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State Senator Dan Bishop wins GOP primary in North Carolina’s 9th U.S. House District

Bishop will now face Democrat Dan McCready in September special election

♦By Rich Shumate, editor

CHARLOTTE (CFP) — State Senator Dan Bishop from Charlotte has easily won the Republican primary in North Carolina’s 9th U.S. House District and will now defend the seat against Democrat Dan McCready in a September special election.

Bishop took 48 percent in the May 14 vote, well above the 30 percent he needed to avoid a runoff.

State Senator Dan Bishop

Union County Commissioner Stony Rushing came in second at 20 percent, followed by former Mecklenburg County Commissioner Matthew Ridenhour at 16 percent.

McCready, who fell 900 votes short of winning the seat last November but got a second chance when the results of that election were tossed out, was unopposed in the Democratic primary.

Bishop’s victory sets up what is likely to be an expensive special election contest against McCready that will garner national attention for a seat Democrats hope to flip.

In his victory speech, Bishop came out swinging against what he called “liberal crazy” ideas like “socialism, open borders, infanticide [and] 90 percent tax rates.”

“Dan McCready went through two elections without telling anyone where he stood on anything,” Bishop said. “Voters in the 9th District deserve a clear choice, and we’re going to give them one.”

The 9th District seat has been open since state elections officials refused to certify the results of last November’s election amid allegations of absentee ballot fraud by a contractor linked to the 2018 Republican nominee, Mark Harris.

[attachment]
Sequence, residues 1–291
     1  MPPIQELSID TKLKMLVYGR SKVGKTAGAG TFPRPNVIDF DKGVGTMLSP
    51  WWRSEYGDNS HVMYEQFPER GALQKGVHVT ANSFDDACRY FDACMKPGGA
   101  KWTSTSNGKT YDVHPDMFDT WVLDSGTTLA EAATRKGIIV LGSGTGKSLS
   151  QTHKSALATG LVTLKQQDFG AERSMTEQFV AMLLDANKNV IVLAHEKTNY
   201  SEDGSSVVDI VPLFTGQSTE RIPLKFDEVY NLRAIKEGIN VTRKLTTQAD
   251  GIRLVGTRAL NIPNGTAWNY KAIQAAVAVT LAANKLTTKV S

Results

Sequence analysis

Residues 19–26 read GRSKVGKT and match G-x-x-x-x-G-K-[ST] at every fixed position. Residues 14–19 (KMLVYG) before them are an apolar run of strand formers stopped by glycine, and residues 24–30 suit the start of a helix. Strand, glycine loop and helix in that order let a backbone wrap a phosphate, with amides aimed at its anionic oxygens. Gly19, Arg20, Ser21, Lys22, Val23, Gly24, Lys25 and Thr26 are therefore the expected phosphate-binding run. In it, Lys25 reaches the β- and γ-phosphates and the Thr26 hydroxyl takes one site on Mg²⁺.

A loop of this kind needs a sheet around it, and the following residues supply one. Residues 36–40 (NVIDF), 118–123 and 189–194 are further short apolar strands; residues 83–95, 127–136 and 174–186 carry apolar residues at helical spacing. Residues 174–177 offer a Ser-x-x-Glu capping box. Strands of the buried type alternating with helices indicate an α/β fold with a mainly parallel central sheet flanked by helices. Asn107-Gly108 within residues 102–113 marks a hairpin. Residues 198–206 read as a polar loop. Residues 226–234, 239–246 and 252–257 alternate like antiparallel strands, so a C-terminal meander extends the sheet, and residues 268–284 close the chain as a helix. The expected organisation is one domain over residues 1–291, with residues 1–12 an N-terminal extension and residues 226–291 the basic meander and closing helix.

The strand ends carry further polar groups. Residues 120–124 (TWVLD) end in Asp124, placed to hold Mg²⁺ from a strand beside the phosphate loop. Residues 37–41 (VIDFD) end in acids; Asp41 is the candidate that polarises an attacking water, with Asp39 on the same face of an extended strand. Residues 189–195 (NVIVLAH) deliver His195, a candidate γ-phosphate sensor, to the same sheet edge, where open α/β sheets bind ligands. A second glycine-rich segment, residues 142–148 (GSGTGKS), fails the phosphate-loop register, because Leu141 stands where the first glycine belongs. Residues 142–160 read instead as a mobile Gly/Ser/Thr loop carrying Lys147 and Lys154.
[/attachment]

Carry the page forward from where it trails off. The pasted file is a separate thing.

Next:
After the State Board of Elections ordered a new vote, Harris — who had defeated McCready by just 900 votes in November — opted not to run, clearing the way for Republicans to pick a new candidate.

Bishop, 54, is a social conservative best known as one of the authors of North Carolina’s “bathroom bill,” a law passed in 2016 which required transgendered people to use the restroom assigned to their birth gender in public facilities. After a public outcry and organized boycotts of the state, the law was repealed in 2017.

His campaign has been endorsed by the North Carolina Values Coalition, a conservative group that supported the restroom restrictions.

McCready, 35, is a Marine Corps veteran and solar energy entrepreneur making his first bid for political office.

Since losing to Harris, McCready has raised more than $2 million and will start the general election campaign with a $1.6 million war chest.

The district stretches across south-central North Carolina from the Charlotte suburbs to near Fayetteville.

The special election will be held September 10.

Residents of the 9th District have been without representation in Congress since Republican U.S. Rep. Robert Pittenger left office in January.

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